Over on Stack Exchange, someone asked why their transaction log was growing very fast during a full backup. An interesting tidbit to this question is that the database is in
SIMPLE recovery — so the log should stay tiny, right?
Wrong. While taking a full backup of the database, SQL Server is unable to reuse the transaction log for the duration of the backup, even if the database is in
SIMPLE recovery. If your database is very busy, or backups take a long period of time, this can require a large transaction log, even if the database is in
Why does SQL Server need to do this?
Think of the database as a bookshelf containing a set of encyclopedias, and each table is a book in that set. SQL Server is the librarian. The librarian needs to make a copy of the full set so she has a backup copy.
The librarian (SQL Server) starts copying books (data pages) at one end of the shelf (database), and makes it’s way to the far end. This takes time. If the data within the books is changing (ie, database transactions), getting a consistent (that’s the “C” in ACID) snapshot becomes a challenge.
Now think about the following sequence of events as the librarian makes her copy of the data.
The librarian copies books A & B:
Books A & D are updated:
The librarian copies books C & D:
Books D, X, Y, Z are updated:
The librarian copies books E-Z. The backup is complete:
The librarian’s backup is not consistent. It has some of the old books, some of the updated books, but it doesn’t correspond to any specific point in time. During the time the librarian was making her copies, there were three specific versions of the books. There was (1) the initial starting state, (2) the state after the first update, and (3) the state after the second update. Because of the sequence of events, the librarian’s backup doesn’t match any of those states. Instead, it’s a mash-up of books from different versions.
In order for the data to be consistent, the librarian could keep track of what changed during her copy task, then roll forward those changes on her backup copy.
It might be OK for the librarian to have an inconsistent backup, but it’s not OK for SQL Server to have an inconsistent backup. SQL Server’s backups must be consistent to a single point in time.
How do you achieve consistency?
When SQL Server begins backing up data pages, it also starts keeping track of transactions, via the transaction log. After it has backed up the last data page, it then also backs up all of the transactions that occurred during the data backup. Upon restore, it will then roll those transactions forward or backward, as necessary, to ensure a consistent image is restored.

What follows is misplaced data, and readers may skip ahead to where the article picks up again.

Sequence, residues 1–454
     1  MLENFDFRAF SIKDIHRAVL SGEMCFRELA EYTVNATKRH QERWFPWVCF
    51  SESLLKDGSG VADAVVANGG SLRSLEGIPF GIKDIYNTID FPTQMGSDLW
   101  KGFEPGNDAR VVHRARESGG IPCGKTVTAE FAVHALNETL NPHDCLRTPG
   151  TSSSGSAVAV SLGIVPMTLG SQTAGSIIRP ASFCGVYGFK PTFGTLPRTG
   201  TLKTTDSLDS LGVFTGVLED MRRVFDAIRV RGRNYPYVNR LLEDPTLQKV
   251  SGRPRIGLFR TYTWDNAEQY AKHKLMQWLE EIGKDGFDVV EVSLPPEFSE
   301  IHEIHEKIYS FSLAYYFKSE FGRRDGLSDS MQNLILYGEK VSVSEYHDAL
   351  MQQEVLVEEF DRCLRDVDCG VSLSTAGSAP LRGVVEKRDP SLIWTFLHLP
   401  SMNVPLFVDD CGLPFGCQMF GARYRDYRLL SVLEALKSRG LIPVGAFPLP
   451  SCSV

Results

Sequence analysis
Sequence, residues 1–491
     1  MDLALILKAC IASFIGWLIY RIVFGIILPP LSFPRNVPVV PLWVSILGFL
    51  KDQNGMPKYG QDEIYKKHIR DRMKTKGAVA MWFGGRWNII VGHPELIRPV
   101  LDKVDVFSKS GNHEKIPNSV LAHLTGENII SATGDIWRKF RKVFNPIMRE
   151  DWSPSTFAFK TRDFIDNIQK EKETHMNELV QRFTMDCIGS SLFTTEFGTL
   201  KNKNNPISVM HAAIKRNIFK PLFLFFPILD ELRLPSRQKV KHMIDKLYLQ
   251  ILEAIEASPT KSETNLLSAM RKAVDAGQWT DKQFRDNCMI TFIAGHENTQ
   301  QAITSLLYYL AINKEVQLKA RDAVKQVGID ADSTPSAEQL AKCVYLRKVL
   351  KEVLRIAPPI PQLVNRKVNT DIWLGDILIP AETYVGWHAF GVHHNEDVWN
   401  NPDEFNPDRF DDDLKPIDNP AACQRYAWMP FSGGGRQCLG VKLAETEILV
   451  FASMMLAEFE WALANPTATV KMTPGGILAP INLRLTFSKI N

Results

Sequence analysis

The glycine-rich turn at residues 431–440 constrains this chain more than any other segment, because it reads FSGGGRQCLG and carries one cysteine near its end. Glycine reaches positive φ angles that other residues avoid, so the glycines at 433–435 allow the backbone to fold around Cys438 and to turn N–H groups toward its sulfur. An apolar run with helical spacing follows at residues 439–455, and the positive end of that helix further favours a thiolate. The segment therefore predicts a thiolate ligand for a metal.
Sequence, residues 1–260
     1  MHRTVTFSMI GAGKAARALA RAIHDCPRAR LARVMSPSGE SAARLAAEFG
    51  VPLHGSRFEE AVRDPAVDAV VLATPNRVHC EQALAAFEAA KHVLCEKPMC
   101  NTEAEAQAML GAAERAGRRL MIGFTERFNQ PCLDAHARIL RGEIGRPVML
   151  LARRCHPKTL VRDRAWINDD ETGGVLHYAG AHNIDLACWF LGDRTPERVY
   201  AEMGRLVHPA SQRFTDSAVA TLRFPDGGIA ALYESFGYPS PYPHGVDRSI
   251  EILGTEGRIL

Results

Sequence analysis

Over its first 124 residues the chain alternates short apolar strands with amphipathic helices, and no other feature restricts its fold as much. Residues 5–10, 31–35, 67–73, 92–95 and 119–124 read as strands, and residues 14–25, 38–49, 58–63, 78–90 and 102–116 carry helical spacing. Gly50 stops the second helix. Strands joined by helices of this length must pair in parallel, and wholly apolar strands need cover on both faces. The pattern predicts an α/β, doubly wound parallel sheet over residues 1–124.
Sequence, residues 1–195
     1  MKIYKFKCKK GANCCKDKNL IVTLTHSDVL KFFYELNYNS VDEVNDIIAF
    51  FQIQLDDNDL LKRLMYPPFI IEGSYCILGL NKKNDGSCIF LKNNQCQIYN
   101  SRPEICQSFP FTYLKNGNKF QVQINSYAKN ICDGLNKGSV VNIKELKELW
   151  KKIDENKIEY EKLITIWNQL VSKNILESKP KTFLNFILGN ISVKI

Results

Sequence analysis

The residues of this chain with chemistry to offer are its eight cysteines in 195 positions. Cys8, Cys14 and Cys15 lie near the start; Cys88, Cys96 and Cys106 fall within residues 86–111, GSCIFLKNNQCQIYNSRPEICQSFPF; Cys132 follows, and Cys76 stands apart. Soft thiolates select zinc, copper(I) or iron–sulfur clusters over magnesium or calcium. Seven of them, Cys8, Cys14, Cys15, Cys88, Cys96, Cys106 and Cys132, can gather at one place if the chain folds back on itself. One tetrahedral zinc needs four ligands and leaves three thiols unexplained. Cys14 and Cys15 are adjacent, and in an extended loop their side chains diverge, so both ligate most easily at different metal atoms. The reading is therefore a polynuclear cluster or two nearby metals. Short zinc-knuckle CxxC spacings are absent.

In our librarian metaphor, she would keep an activity log, which would include the changes to books A and D from the first update, then also the changes to D, X, Y, and Z from the second update. She would not “fix” the data within the backup, but simply store those update details along with her mashed-up copy. In the unlikely event she had to recreate the books (ie, a restore), then she would go back and spend the effort to piece it back together. During that restore process, she would look at the first transaction and see that her copy of Book A in her backup was too old, but Book D already had the update, and she would roll forward the update to Book A. Next, she would process the second update and see that Books X, Y, and Z had the updates, but D still needed this second update, and she would roll forward that second update to Book D. At this point, she would have successfully reconstructed an image that is consistent to the time the backup completed.
Backing up busy databases
If you have a database that is 7TB, and takes several hours to back up, the transaction log for this database must be large enough to accommodate several hours worth of transactions–even under the
SIMPLE recovery model. Depending on the amount and type of activity, the amount of transaction log needed could very quite a bit. A very busy database that is in simple recovery mode might require a very large transaction log in order to accommodate backups.
To reduce the amount of transaction log needed, you can either try to make your backup go faster, or take your backups during a time of reduced write activity, or both.
You should not play whack-a-mole, constantly shrinking your log only to have it grow again the next time you take a full backup. Allowing the log to auto-grow many times during the backup will likely result in having too many VLFs, which will ultimately slow down your restore performance. Once you have an idea of how large your transaction log needs to be, explicitly grow your log to be that large and leave it there.
Now, go to your local library and thank your librarian for helping you understand SQL Server just a little bit better.